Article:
Ask SASS 2 (Rick and Wynand) – South African Banners, Flags, and Lions, Oh My!

By Scott Douglas Jacobsen

This is an ongoing and new series devoted to the South African Secular Society (SASS) and South African secularism. The Past President, Jani Schoeman, and the Current President, Rick Raubenheimer, and the current Vice-President, Wynand Meijer, will be taking part in this series to illuminate these facets of South Africa culture to us. Rick and Wynand join us.

Here we talk about secular marriages in South Africa.

Scott Douglas Jacobsen: In terms of banners and flags as part of the outreach efforts of SASS, how did you develop them, how did you design them, and how did they turn out?

Rick Raubenheimer: I can help with the development. Essentially, Jani, with the assistance of her husband, Bertus, who has some graphical design experience, designed the logo several years back. I was instrumental in getting it changed from a bitmap to a vector, so that we can scale it to any size.

Wilhelm then took that and gave it to a company here, called Jetline, that can produce the things. We’ve distributed them to various parts of the country. Mine and Wynand’s ended up in Pretoria, so he picked them up. Over to you, Wynand, seeing you’ve seen them.  

Wynand Meijer: The banners came out well. They’re quite tall, as well. I picked up the banners. That’s the short and sweet of it.

Raubenheimer: We’ve had a flag, which is about three meters tall. You do understand meters in Canada, don’t you?

Jacobsen: Yes [Laughing].

Raubenheimer: Good. Your southern neighbours insist on being a British colony and using British imperial units. Either way. There’s a flag three meters tall, which is teardrop shape. There is, as I mentioned, a rectangular X-banner, as they call it because it’s supported on a frame that is X-shaped and clips in at each corner.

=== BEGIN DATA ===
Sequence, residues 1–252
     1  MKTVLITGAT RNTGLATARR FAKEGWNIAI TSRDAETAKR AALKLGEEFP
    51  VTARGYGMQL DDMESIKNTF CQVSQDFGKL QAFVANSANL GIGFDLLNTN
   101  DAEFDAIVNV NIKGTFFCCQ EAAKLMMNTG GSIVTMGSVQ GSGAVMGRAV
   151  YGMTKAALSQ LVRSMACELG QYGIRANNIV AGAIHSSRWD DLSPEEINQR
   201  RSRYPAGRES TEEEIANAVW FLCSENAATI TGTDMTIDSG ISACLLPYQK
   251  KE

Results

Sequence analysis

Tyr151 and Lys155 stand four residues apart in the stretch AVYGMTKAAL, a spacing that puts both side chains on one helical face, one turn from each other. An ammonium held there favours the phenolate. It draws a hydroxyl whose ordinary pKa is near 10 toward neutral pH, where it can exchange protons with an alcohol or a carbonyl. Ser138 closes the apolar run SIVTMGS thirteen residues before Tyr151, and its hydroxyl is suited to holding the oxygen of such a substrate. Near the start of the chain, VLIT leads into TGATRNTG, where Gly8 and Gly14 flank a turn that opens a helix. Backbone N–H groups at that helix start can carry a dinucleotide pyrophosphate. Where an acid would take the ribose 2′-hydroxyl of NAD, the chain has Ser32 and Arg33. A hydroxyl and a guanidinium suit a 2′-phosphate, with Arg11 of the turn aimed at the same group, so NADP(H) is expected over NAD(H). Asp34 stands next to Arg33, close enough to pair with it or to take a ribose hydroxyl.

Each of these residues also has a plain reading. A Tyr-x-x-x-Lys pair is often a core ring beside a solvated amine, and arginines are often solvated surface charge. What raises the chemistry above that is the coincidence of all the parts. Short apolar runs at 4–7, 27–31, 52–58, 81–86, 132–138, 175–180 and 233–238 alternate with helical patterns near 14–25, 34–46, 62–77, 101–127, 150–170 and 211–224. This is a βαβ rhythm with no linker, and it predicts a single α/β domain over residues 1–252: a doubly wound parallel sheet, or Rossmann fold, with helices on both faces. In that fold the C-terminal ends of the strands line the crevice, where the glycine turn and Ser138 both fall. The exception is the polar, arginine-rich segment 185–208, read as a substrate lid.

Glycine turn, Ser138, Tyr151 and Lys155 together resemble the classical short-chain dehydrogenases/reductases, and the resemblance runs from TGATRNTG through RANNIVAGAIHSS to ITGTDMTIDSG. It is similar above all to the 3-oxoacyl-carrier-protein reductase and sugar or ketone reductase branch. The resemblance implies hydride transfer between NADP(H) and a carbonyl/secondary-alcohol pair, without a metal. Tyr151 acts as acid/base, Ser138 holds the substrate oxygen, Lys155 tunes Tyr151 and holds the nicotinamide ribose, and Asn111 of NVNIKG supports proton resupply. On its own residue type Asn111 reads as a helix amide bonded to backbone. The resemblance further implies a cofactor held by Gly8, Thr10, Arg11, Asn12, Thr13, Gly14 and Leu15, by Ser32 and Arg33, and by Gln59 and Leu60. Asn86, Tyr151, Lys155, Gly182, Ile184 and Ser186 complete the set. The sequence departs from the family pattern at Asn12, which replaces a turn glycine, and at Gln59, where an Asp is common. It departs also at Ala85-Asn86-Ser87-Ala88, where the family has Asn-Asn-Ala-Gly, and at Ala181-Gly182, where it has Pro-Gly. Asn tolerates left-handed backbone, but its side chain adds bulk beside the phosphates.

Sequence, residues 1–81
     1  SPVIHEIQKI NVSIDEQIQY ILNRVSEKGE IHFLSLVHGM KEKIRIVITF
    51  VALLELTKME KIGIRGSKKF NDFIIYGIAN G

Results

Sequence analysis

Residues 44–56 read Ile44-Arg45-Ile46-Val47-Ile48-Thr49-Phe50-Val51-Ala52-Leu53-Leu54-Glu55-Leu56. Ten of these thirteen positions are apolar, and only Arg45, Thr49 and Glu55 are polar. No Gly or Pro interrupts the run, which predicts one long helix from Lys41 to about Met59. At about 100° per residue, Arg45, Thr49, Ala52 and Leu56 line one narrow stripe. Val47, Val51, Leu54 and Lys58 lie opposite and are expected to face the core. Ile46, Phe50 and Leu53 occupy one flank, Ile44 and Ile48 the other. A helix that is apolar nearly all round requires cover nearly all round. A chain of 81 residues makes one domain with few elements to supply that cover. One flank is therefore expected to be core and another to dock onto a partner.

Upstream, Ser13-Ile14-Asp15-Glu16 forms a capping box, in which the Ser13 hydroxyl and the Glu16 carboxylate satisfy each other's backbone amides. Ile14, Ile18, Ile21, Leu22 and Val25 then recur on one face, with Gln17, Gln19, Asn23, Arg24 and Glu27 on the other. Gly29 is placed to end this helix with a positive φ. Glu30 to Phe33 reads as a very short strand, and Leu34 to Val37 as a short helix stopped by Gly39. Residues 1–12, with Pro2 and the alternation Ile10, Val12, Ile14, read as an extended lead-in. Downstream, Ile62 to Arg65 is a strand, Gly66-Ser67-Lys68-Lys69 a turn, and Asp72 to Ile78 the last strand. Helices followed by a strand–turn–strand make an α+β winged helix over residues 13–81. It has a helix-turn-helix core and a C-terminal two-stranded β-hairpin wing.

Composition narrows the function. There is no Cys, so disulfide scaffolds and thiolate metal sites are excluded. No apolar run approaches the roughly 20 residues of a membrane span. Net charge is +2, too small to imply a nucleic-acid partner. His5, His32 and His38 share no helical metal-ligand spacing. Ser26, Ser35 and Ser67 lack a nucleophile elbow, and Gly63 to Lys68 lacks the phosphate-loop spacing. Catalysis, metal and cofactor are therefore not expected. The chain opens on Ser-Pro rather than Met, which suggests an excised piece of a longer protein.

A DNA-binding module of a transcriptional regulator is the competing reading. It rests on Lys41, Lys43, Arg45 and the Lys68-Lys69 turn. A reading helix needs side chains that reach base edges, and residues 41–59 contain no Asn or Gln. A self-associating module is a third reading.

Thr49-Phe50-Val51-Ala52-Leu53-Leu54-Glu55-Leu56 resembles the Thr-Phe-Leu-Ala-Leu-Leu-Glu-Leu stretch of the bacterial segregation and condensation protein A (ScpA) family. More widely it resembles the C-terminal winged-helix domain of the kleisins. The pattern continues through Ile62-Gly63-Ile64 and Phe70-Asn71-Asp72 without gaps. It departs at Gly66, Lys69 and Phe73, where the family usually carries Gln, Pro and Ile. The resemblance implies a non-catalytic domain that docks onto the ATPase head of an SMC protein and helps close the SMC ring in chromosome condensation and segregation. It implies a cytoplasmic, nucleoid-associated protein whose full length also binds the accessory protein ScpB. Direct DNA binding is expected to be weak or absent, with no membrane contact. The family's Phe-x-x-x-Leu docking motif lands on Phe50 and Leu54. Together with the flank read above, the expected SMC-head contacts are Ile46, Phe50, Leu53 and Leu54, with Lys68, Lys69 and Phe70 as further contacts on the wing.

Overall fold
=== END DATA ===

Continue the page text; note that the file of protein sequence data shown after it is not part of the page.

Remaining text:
The intention is to put a flag outside the venue and a banner inside, typically. That’s all we could afford now because we got six printed for different parts around different Meetups around the country. Probably, when we’re flusher with funds, we’ll duplicate that and do another teardrop banner and X-banner for the Meetups.

They’ve now been distributed to several places, as far afield as Cape Town and the Eastern Cape, to Port Elizabeth, and then up here. I don’t think we got a set to KZN because they don’t have regular Meetups yet. Do you remember?

Meijer: No flags for KwaZulu-Natal, currently.

Raubenheimer: That’s our south-eastern province. Contains the port of Durban, which maybe you’ve seen on a map somewhere. That’s where we are now. We haven’t tried them in action yet. We will see how they work. I’m planning a Meetups for the first Saturday of May.

I’ve scheduled our Meetups in Joburg for first Saturday of the month all the way through the year. We’ll stick one on the road outside and see if people notice it.

Jacobsen: How did this decision for banners and flags come in the first place? How were they seen as a part and parcel of outreach and public presentation?

Raubenheimer: I’ve wanted it for some time as something that would be useful to display our identity and also, when we have Meetups in public places, make it easy for people to find us because they would be able to look for a large banner, and see that it says South African Secular Society, and then that way find us more easily.

The finances were available now, just about. We’ve used quite a bit of them, but it will be useful for the future. So, we went for it on the new executive.

Jacobsen: For organizations who want to replicate them for similar purposes, what would be some of the discussion points that they want to take into account, when they’re having, for instance, an executive meeting and they want to bring this as a motion forward to approve funds for them, in terms of feasibility, and so on?

Raubenheimer: I have no idea how to answer that question. I think it’s really a case of if people think it’s going to be useful to display their identity, then it’s useful. It’s something to get. Obviously, they must be able to afford it. I think it’s about R12,000 in total, which is about R1,000 per banner. So, it’s not trivial, but I think a useful investment in terms of displaying our identity.

Jacobsen: Thank you for the opportunity and your time, Rick and Wynand, you lions.

Scott Douglas Jacobsen is the Founder of In-Sight: Independent Interview-Based Journal and In-Sight Publishing. He authored/co-authored some e-books, free or low-cost. If you want to contact Scott: Scott.D.Jacobsen@Gmail.com.

Do not forget to look into our associates: Godless Mom, Nice Mangoes, Sandwalk, Brainstorm Podcast, Left at the Valley, Life, the Universe & Everything Else, The Reality Check, Bad Science Watch, British Columbia Humanist Association, Dying With Dignity Canada, Canadian Secular Alliance, and Centre for Inquiry Canada.

Other Resources: Recovering From Religion.

Photo by Ken Treloar on Unsplash

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